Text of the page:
It’s the wind and the sun that occupies a blade of grass wholly. Like a coat of arms that defends nothing but, instead, invades it in session of wanting and of making. The touch of a million long fingers that wills its way across a threadbare back, bending and folding, cantankerously clicking and distorting the spine from the outside in. That’s where it wants to be.
To give this moment something like a lasting form is to accept this invasion from the outside in. To listen and to see from the diffused plateau of all light and to accept in that moment the infinite width of all that breathes – the very lived experience that always has you in its grasp while you can only ever have it in your sights. Like a lone sniper on a hill that occupies and defends their territory always in the singular: I/you have you/me in my/your sight.
This attempt to defend oneself against the inevitable invasion of the outside is sustained by the illusion that one may come to know something wholly without becoming wholly immersed in it. And to find that despite our best efforts to the contrary, tomorrow will be as yesterday. (J. Thom 2003)
Performance at the Venice Biennale 2003 as part of the group exhibition ‘Recycling the future:viveravenezia2′ curated by Angela Vetesse
Duration approx 30 minutes
All the works of the ‘bind/ontbind’ Series attempt to collapse the dichotomy inherent in their title… In Afrikaans to ‘bind’ means “to tie up; to fasten; cement; hold; trammel; bind…bound by; commit (to the conditions)…linkage; fixation; weave (patterns)…to connect”. Conversely, the word ‘ontbind’ means to “untie; undo; break up; disband; dissolve; decompose; decay; putrify; disintegrate; analyze; decompound; resolve (forces); dissociate; disconnect; …disintegration; disestablishment; dissolution; …annulment”.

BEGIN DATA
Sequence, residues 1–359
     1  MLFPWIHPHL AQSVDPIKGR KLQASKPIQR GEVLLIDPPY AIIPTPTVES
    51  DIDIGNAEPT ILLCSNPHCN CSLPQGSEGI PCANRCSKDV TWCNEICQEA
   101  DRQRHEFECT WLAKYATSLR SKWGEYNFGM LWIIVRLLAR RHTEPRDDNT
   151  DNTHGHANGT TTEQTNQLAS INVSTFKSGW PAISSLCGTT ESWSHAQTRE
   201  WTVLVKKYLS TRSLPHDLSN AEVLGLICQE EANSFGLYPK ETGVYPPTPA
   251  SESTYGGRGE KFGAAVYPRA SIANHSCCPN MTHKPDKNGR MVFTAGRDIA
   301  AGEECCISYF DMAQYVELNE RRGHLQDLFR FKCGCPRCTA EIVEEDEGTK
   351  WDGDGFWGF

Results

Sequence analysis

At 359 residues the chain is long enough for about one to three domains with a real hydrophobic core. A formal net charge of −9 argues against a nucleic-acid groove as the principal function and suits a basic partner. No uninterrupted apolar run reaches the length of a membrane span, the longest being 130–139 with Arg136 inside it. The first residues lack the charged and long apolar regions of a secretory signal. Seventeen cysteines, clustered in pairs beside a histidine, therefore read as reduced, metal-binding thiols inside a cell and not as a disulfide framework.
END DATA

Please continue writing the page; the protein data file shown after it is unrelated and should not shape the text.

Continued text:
This series of work could also be seen as a n attempt to critically engage the obsession with the politics of representation that dominated in the South African artworld during the early years of post-apartheid South Africa. For me the problem with its critique of the binary modes of representation that dominated in apartheid South Africa was not that it was not deeply needed, but rather, that this post-apartheid critique did not go far enough to de-stabilize the very system that allowed and empowered such binary distinctions as self/ other, white/black, male/female, human/animal to function in the first place.
The works in this series are all metaphors for the complex interrelationship between these two seemingly oppositional forces – everything we are and we everything we know is subject to their constant re-vision, re-articulation and re-formation. Albert Einstein said that the only constant force in the universe is change. However, I would add that, for me change is in itself chaotic. It has no substance and cannot be objectively known.
Bind/Ontbind Series 3
Public performance, Venice (Italy)
Duration approx 30 minutes
Thus everything is subject to change including our (re) interpretations of its meaning. In fact, there is the paradox: as with all things, we can only speak about it in metaphors – in order to render it knowledgeable we have to position words/concepts ‘in its stead’, to ‘represent’ it i.e. ‘bind/ontbind’. For me, things are not either in the process of ‘binding’ or of ‘un-binding’ alone, they are simultaneously doing both.
“We may attempt to contain this ongoing process of transformation (or of expansion and retraction) within complex systems of knowledge – as various historical epistemologies, ontologies and cosmologies have attempted to do before – but we cannot ever hope to contain it. If this is the ‘grand narrative’ that defines human existence, it is not grand at all: neither its cause nor its effect will ever be ours for the taking. As an artist, all I wish to do is to draw attention to this fact”. (Interview with the artist/curator Alex Zika for the show “Agora” held in London at the Transition Gallery, 2004).
Selection from ‘The Ties That Bind’ (Bind/Ontbind Series)
C-Type print on aluminum. Edition of 5, artist proof. 120cm x 80cm
Photographic Credit: Garreth Fradgley